2. There was no merit to the plaintiffs' claim that the video, and testimony of the defendants' expert concerning it, were prejudicial and confusing to the jury because the portions of the video showing the patient receiving anesthesia and the physician applying clamps used to control bleeding were aspects of the procedure that were not at issue in the trial; it was not apparent to this court how those parts of the video would confuse the jury, and the court concluded that those parts of the video likely clarified the earlier direct testimony of the plaintiffs' expert witness regarding the use of anesthesia and the clamps; furthermore, the plaintiffs' claim that the video was prejudicial because they were precluded from responding to it was unavailing, because, prior to trial, the defendants provided the plaintiffs with an exhibit list that identified the video, and the plaintiffs did not request to watch the video prior to its introduction at trial, nor did they choose to file a motion in limine seeking to preclude its admission into evidence, move for a continuance after it was marked for identification, or recall their expert witness to serve as a rebuttal witness concerning the video.
3. The trial court properly rejected the plaintiffs' claim that it improperly denied their motion to set aside the verdict and for a new trial because the court did not instruct the jury that the video was for demonstrative purposes only: the purpose of the video, which was to show to the jury how a circumcision is performed utilizing a Mogen clamp, would have been readily apparent to the jury; moreover, the plaintiffs having failed to comply with the prerequisites to appellate review of their allegation of instructional impropriety because they did not raise this claim at the time the trial court instructed the jury, this court could not say that the trial court abused its discretion in denying the plaintiffs' motion.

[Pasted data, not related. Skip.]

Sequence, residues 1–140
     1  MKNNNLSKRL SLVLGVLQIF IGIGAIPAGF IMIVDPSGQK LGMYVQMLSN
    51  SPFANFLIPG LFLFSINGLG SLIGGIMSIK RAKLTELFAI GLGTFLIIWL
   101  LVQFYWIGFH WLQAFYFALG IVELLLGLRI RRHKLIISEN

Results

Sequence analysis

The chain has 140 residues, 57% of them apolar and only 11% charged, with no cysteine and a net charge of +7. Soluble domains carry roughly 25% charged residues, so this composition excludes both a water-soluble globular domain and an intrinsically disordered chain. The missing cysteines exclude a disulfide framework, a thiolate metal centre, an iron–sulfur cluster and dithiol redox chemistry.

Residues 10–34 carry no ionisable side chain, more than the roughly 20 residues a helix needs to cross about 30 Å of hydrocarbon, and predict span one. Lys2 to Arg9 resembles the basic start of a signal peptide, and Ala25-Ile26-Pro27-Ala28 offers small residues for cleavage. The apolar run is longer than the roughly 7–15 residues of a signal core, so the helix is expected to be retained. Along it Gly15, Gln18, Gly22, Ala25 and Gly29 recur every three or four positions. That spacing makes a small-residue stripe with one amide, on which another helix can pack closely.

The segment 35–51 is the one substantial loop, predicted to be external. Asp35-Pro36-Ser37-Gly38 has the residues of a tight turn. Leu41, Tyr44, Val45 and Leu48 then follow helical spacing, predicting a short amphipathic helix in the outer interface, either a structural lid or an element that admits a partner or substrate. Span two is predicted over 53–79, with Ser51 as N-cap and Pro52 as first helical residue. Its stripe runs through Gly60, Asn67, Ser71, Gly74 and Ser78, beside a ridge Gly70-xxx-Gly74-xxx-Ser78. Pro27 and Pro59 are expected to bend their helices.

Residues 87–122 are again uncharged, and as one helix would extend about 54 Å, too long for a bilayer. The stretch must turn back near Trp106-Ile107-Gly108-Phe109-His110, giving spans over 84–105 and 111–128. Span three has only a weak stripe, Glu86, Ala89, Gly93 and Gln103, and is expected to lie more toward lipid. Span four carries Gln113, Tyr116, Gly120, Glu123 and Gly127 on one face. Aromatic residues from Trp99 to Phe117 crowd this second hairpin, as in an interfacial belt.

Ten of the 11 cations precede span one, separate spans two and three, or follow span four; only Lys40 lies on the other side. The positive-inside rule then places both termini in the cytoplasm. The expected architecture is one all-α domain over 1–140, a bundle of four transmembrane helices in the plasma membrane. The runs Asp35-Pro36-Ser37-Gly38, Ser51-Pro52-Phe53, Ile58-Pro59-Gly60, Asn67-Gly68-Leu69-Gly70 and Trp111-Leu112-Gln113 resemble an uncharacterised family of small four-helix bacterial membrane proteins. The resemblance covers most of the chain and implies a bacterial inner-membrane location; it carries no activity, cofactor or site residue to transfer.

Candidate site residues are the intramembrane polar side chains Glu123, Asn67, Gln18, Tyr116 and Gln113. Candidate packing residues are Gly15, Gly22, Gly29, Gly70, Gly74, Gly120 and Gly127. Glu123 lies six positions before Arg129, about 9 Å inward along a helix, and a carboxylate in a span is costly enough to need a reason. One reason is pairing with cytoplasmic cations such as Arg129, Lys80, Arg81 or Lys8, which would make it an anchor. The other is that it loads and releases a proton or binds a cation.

4. This court declined to review the plaintiffs' claim, raised for the first time on appeal, that the trial court abused its discretion by allegedly discouraging the jury from rehearing the expert medical testimony during deliberation: this claim was unpreserved because the plaintiffs, at the time of trial, did not object to the manner in which the trial court responded to the jury's playback request.

          OPINION

          KELLER, J.

         This appeal arises from a medical malpractice action brought by the plaintiffs, Thomas and Roxanne Mahoney, both individually and on behalf of their minor child, Teaghan Mahoney (child), against the defendants, Lori Storch Smith and Bay Street Pediatrics, the professional corporation in which Dr. Storch Smith practiced. The plaintiffs alleged that Dr. Storch Smith was negligent in performing a circumcision on the child, who was a newborn at the time. The procedure resulted in the amputation of a portion of the glans-or head- of the child's penis. Following a trial, the jury returned a verdict for the defendants. On appeal, the plaintiffs claim that the trial court abused its discretion by (1) declining to set aside the verdict and order a new trial, and (2) discouraging the jury from rehearing expert ...